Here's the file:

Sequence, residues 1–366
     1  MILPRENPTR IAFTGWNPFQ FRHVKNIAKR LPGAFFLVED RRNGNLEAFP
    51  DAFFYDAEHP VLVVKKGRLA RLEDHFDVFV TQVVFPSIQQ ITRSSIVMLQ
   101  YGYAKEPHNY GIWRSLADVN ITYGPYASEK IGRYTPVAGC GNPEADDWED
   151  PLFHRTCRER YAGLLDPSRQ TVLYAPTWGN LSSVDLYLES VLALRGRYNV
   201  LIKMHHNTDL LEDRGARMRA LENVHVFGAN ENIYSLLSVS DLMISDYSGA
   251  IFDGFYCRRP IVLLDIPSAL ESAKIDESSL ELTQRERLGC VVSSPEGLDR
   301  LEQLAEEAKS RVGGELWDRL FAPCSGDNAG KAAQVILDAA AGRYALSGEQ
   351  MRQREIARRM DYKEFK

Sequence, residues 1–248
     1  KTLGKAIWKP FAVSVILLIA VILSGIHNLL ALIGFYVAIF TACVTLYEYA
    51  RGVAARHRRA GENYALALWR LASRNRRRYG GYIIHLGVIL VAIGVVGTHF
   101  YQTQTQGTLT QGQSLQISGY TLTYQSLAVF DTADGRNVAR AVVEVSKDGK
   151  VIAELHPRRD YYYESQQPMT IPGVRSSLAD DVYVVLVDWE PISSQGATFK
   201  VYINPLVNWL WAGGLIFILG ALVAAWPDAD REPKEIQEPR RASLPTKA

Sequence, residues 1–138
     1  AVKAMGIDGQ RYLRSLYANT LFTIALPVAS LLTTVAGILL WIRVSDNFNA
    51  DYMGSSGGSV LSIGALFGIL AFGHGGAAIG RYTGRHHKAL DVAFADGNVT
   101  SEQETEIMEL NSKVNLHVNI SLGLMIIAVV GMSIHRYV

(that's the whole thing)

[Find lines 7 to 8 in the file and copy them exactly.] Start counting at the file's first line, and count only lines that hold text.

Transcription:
   251  IFDGFYCRRP IVLLDIPSAL ESAKIDESSL ELTQRERLGC VVSSPEGLDR
   301  LEQLAEEAKS RVGGELWDRL FAPCSGDNAG KAAQVILDAA AGRYALSGEQ